In honor of the US National Coming Out Day on Oct 11, which is the kick off for National Coming Out Week, Oct 13-17, it’s nice to be able to offer a bit of humor. This is a FANTASTIC short skit (3 actors is all it takes) written by the formidable youth activist Maya Brown. The logo this year is by Keith Haring, and I want a T-Shirt!
2014 logo by Keith Haring
Coming Out: What Not To Do
by Maya Brown
(Published in Out & Allied Vol 2. Copyright 2014. If you use, please give proper credit to author and publisher/source. And there’s lots more material in the books, you know!)
ANNOUNCER QUEER PERSON OTHER PERSON
NOTE: ANNOUNCER’S lines can be played by QUEER PERSON, who will then just step out and back into the scene.
ANNOUNCER: Hello everyone. Today’s topic is disastrous coming out stories. Want to know what happens when you come out? Well, there’s a range of ways it can go. So I’ve broken it up into some handy categories for you. First up, there’s the Over-Reactor…
QUEER PERSON: Hey, you know I’m gay, right?
OTHER PERSON: WHAT? OH MY GOD, OH MY GOD OH MY GOD CAN WE TALK ABOUT THIS? THIS IS LIKE A THING WE SHOULD PROBABLY TALK ABOUT. OK SERIOUSLY THIS IS SUCH A BIG THING. AHH! I CAN’T EVEN HANDLE IT. I CANT EVEN.
ANNOUNCER: Then there’s the opposite. The Under-Reactor, if you will…
QUEER PERSON: I have something I want to tell you. It’s like a pretty big thing and I’ve wanted to tell you for a long time. So I’m just going to come out and say it, ok? I’m gay.
OTHER PERSON: Oh yeah, I knew that. Like, everyone did. What’s the algebra homework?
ANNOUNCER: Next up, the person who wants to become your therapist…
QUEER PERSON: So, I need to tell you something. I’m a lesbian.
OTHER PERSON: Really? Thank you so much for telling me. When did you first know? Has it been hard? Are you like, telling other people? Do your parents know? Are they ok with it? Wow, this must just be, like, so hard for you. But don’t worry. I’m totally here for you. Do you have a lot of feelings? I’m sure you have like, so many feelings. Let’s work through your feelings together. With me. Go ahead. Talk. Together. Feelings.
ANOUNCER: Or the other person may be one of those One-Uppers…
QUEER PERSON: Hey, I’ve been doing a lot of thinking, and I think I might be bisexual.
OTHER PERSON: Wow, that’s pretty big, but guess what? My sister is pregnant! She like just told my parents and they are freaking out. I mean she’s engaged, but still, like, she’s barely out of college! I think they’ll come around eventually but like oh my god, do you want to see her sonogram? I hope it’s a boy.
ANNOUNCER: And the One-Upper is not to be confused with the Collector…
QUEER PERSON: Just so you know, I’m gay.
OTHER PERSON: Oh, my cousin just came out too. I’m pretty sure my neighbors are gay, or maybe they just live together, and I think our elementary art school teacher is gay, did you know that? Mr. Simon, yeah. I swear that guy wasn’t just his friend; they held hands way too much for that. Hmm, I also have a friend from summer camp who’s a lesbian, if you wanted me to introduce you I totally would, but I think she might be dating someone. And also, I haven’t told anyone yet but I think my cat is bi; she like totally has a thing for my aunt’s cat, and they’re both girl cats. A lot of TV shows I watch have gay people. I love gay people! I know so many!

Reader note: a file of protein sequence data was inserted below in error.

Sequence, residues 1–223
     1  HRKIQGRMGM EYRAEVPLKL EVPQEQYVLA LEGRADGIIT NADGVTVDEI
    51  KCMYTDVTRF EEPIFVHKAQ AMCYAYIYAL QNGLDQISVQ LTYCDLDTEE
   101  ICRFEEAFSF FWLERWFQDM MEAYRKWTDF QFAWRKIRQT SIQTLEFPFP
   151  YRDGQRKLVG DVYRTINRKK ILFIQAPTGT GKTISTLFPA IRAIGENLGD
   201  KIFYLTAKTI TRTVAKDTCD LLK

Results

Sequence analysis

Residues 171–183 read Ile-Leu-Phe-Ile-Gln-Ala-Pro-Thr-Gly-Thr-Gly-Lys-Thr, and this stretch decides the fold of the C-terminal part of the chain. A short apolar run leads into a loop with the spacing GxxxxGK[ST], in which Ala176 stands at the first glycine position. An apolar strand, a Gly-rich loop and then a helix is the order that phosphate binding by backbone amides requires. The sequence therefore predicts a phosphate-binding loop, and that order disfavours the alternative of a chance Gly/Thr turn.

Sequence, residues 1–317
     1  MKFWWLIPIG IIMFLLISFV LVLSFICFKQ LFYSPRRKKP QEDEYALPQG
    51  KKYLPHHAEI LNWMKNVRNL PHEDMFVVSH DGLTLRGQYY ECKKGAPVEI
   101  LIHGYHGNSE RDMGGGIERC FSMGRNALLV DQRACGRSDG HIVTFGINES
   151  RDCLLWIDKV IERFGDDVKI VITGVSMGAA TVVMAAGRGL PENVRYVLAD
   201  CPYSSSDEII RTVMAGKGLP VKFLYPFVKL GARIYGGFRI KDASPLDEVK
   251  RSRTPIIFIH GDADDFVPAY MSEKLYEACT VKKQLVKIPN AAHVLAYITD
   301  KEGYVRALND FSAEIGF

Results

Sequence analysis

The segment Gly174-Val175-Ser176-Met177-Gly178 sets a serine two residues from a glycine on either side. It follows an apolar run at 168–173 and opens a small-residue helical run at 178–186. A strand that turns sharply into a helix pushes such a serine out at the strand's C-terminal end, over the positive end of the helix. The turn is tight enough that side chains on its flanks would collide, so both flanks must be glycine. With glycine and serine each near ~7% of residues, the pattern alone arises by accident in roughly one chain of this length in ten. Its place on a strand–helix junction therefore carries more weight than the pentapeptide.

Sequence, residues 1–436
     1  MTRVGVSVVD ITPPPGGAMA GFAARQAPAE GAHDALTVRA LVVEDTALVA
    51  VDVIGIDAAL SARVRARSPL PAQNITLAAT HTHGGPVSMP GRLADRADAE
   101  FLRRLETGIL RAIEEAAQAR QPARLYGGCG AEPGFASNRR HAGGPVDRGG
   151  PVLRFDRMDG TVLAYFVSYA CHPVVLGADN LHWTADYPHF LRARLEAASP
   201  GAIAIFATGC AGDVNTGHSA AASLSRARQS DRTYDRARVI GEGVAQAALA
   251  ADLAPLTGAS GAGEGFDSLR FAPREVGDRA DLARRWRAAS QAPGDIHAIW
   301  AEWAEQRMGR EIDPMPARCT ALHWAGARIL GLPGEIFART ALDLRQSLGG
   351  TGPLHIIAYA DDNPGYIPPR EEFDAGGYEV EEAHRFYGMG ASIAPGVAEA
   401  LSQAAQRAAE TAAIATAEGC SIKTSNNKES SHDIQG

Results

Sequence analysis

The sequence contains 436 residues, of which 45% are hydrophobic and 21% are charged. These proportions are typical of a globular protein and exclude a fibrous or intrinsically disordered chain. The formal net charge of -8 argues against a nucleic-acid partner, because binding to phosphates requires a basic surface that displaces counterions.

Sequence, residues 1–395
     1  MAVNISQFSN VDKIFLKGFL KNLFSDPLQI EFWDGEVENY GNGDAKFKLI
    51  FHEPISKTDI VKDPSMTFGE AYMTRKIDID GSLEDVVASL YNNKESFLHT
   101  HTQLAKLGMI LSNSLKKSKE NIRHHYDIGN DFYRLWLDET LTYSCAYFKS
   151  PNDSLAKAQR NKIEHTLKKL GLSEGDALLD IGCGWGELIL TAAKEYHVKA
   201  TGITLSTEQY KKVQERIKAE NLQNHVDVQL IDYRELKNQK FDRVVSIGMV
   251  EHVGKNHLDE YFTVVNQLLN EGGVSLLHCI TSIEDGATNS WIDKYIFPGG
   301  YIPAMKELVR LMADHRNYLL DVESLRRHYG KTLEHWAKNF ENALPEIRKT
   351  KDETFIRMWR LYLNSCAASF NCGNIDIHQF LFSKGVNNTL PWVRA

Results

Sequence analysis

ANNOUNCER: Or, there’s the one who wants too much information: The TMI Guy.
QUEER PERSON: So, you know Michael/Sally, right? Well, we’ve started dating, and it’s going really well!
OTHER PERSON: Wow! Okay. (Pauses) So can I ask you a couple of questions…like some awkward question…so how do you…you know…I mean have you…and does, that like, count? I mean what do you do for…and do they…and how do you do that?
ANNOUNCER: Then there’s the Stereotypist…
FEMALE QUEER: I’m a lesbian!
OTHER PERSON: Oh. Wait. Are you going to cut off your hair? Do you play rugby? Will you stop shaving now? I’ll trade you my brother’s old plaid flannel shirts for your dresses—you guys are pretty much the same size… I don’t really want to watch the L-Word, but if you want, I’ll do that with you.
MALE QUEER: I’m gay!
OTHER PERSON: Oh—It all makes sense now! You’re so into musical theatre and you’re such a good dresser! So does this mean you can be my shopping buddy now? Puhlease be my shopping buddy. But you can’t start having better fashion sense than me, ok? Wow, this is so exciting; I have seriously always wanted a sassy gay best friend! Let’s have a Glee party, and you can do my nails!
ANNOUNCER: Okay, okay, you get the idea. It can get pretty crazy.
(QUEER PERSON steps forward.)
QUEER PERSON: Yeah, and these are the supportive ones, even if they didn’t get it quite right. For some it can get a lot worse.
ANNOUNCER: Here’s a sampling.
(QUEER PERSON steps back, OTHER PERSON turns to face audience.)
OTHER PERSON: There’s a cure. It’s a phase. I’ll pray for you. We can fix you. You’re just confused. You chose this lifestyle. I bet you have a crush on me. How could you do this to me? I can’t be your friend.
ANNOUCER: What is the right thing to say?
(QUEER PERSON steps out.)
QUEER PERSON: Sometimes it’s nothing at all.
(QUEER PERSON steps back and faces OTHER PERSON.)
QUEER PERSON: I have to tell you something. I’m gay.
(OTHER PERSON takes it in, and gives QUEER PERSON a hug.)